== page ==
What is probability?

What is probability? How to calculate probability? We will answer these questions here along with some useful properties of probability.

Probability is a numerical measure of the likelihood that a specific event will occur.

For a simple event E1, the likelihood of E1 happening is denoted by P(E1)

For a compound event A, the likelihood of A happening is denoted by P(A)

Conceptual approaches to probability / How to calculate probability

There are 3 ways to approach probability as shown below.

• Classical probability
• Relative frequency of probability
• Subjective probability.

Classical probability

Classical probability is used for equally likely outcomes.

Equally likely outcomes have the same probability of occurrence. For example, most people know that if you toss a coin, it is 50/50 chance.

All outcomes are equally likely since neither head nor tail has a better chance of occurring.

Head can occur 50% of the time and tail can occur 50% of the time as well.

What happens if you toss the coin twice?  The sample space = { HH, HT, TH, TT }

The outcomes are still equally likely. This time though each outcome can occur 25% of the time.

Did you notice that 50% = 0.5 and 25% = 0.25? These values are less than 1. In fact, the biggest value of a probability is going to be 1.

A probability of 1 happens for events that will occur 100% of the time. For events that will never occur, the probability is 0.

Also notice that 0.25 + 0.25 + 0.25 + 0.25 = 1 and 0.50 + 0.50 = 1

We then have the following 2 properties:

Property #1:

The probability of an event is always between 0 and 1

Let E be a simple event and let A be a compound event.

0 ≤ P(E1) ≤ 1

0 ≤ P(A) ≤ 1

Property #2:

The sum of all simple events is equal to 1

Let E1 ,  E2, ... be simple events of an experiment. Then, P(E1) + P(E2) + P(E3)+ ... = 1

Classical probability formula

We said before that for the sample space s = { HH, HT, TH, TT }, the probability of each outcome is 0.25.

Notice also that 0.25 =
1 / 4

The 1 in the numerator represents the sum of all simple events and the 4 is the number of outcomes.

Let E1 be a simple event and let A be a compound event.

In general,

P(E1) =
1 / Total number of outcomes for the experiment

P(A) =
Number of outcomes favorable to A / Total number of outcomes for the experiment

Relative frequency of probability

Suppose you want to calculate the following probabilities

• The probability that a randomly selected family owns 2 cars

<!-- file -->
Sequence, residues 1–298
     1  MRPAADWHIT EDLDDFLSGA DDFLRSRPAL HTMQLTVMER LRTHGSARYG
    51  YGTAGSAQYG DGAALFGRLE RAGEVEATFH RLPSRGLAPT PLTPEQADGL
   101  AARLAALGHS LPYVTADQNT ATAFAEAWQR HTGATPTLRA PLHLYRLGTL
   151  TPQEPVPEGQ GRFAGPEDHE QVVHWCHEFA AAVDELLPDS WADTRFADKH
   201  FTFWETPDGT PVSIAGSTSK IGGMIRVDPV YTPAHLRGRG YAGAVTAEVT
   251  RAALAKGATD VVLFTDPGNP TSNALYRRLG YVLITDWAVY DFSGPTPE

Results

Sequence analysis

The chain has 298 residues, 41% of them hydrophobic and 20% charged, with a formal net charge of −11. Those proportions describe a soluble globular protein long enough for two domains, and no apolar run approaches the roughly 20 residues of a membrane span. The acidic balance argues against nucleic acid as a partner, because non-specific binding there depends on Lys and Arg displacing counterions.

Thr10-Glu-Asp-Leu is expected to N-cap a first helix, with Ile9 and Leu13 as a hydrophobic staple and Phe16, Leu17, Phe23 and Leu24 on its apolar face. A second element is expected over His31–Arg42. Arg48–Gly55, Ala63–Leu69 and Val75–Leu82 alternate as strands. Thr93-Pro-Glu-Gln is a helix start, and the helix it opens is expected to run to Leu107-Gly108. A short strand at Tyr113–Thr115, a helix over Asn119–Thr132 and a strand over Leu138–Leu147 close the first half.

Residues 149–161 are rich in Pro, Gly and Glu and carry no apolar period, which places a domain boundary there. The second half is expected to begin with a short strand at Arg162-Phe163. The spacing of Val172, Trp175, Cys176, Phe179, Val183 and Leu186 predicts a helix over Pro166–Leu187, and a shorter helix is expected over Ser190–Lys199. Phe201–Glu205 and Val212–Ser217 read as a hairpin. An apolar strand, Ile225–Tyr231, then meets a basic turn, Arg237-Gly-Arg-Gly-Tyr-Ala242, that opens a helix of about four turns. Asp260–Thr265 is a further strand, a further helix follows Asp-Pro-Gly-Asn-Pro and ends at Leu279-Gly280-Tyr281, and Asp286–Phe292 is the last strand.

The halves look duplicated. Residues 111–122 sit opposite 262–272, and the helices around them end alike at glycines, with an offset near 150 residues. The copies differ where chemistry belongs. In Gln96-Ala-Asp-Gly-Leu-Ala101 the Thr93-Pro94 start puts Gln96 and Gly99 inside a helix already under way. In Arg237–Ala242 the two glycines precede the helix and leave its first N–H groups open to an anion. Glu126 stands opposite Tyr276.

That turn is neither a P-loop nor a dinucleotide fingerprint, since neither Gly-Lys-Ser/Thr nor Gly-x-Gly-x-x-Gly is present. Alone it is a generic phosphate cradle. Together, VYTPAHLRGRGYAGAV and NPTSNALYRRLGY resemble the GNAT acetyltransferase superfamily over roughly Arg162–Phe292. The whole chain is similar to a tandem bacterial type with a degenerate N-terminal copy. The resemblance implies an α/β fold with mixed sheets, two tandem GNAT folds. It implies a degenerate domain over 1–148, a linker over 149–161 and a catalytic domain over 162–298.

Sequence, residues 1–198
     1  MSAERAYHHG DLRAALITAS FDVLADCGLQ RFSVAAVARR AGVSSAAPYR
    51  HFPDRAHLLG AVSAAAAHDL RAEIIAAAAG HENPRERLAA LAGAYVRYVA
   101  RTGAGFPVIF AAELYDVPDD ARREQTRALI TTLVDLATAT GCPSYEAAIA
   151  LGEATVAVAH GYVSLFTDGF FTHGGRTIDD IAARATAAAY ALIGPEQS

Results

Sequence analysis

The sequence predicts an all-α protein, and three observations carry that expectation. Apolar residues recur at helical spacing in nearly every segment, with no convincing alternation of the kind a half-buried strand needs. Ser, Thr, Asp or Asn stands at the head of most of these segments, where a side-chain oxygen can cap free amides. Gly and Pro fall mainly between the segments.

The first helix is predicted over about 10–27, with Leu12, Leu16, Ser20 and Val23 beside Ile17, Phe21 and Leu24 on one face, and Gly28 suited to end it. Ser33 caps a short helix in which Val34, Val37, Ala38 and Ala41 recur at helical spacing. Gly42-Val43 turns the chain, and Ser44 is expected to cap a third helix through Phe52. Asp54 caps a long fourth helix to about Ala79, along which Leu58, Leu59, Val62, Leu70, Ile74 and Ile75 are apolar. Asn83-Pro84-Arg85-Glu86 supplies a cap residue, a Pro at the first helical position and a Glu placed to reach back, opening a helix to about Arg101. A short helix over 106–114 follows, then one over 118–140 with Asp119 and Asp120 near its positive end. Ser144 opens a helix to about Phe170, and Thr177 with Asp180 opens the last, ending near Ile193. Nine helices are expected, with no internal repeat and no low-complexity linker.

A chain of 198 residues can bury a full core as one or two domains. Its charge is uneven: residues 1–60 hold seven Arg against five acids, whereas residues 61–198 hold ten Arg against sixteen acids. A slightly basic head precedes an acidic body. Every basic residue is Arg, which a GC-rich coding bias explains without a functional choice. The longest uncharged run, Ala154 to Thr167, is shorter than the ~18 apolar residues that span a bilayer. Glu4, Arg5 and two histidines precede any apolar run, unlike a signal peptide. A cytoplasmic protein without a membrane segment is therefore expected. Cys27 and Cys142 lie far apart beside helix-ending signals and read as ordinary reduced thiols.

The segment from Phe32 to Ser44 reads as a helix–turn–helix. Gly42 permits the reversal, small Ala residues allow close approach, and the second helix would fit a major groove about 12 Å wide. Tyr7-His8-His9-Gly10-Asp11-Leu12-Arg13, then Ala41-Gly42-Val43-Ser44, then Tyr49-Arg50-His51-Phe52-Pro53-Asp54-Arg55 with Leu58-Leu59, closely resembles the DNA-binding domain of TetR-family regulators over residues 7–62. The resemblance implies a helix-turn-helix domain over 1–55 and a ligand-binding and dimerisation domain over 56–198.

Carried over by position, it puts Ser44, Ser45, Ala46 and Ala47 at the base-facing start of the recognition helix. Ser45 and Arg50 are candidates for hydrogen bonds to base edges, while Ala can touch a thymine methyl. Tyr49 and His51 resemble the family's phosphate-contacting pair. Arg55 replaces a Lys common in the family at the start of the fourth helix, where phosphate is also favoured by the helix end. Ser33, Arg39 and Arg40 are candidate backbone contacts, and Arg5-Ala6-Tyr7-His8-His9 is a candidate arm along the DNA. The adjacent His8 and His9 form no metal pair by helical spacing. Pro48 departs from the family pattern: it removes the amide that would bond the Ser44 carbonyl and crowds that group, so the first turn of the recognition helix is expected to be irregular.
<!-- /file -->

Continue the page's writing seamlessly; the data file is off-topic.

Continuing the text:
• The probability that a loaded coin will yield tail

These two experiments will not yield equally likely outcomes.

Recall that when you flip a coin once, you either get head or tail.

These two outcomes were equally likely because P(head) = 50% and P(not head) = 50%

If the coin is loaded, it will no longer be 50/50.

The same goes for these two outcomes, " A family owns 2 cars " and " A family does not own 2 cars "

If these two outcomes were equally likely, then 50% of family will own 2 cars and 50% will not own 2 cars.

In reality, this will never be the case, so classical probability cannot be used to compute this probability.

Instead, we need to use the following relative frequency formula.

Let A be an event that is observed f times and n the number of times the experiment is repeated.

P(A) =
f / n

To compute the probability that a randomly selected family owns 2 cars, you may need to conduct a survey.

Take a random sample of 1000 people for instance and ask them how many cars they own. If 50 of them say they own 2 cars, you can use the formula to find the probability.

Probability that a family owns 2 cars =
50 / 1000
= 0.05 = 5%

For the coin, you may want to toss the coin a great number of times and see how many times it yields tail. Say you throw it 200 times and it yields tail 60 times.

Probability that the coin will yield tail =
80 / 200
= 0.4 = 40%

Subjective probability

Some experiments neither have equally likely outcomes nor can be repeated to generate data.

Some examples of subjective probability includes

• The probability that the US men's soccer team will win the next world cup.
• The probability that the minimum wage will increase to 15 dollars in the US.
• The probability that a student will get an A in a math class.

To find the subjective probability of these events above, you will need to make an educated guess using judgment, experience, belief, or information available on the event.

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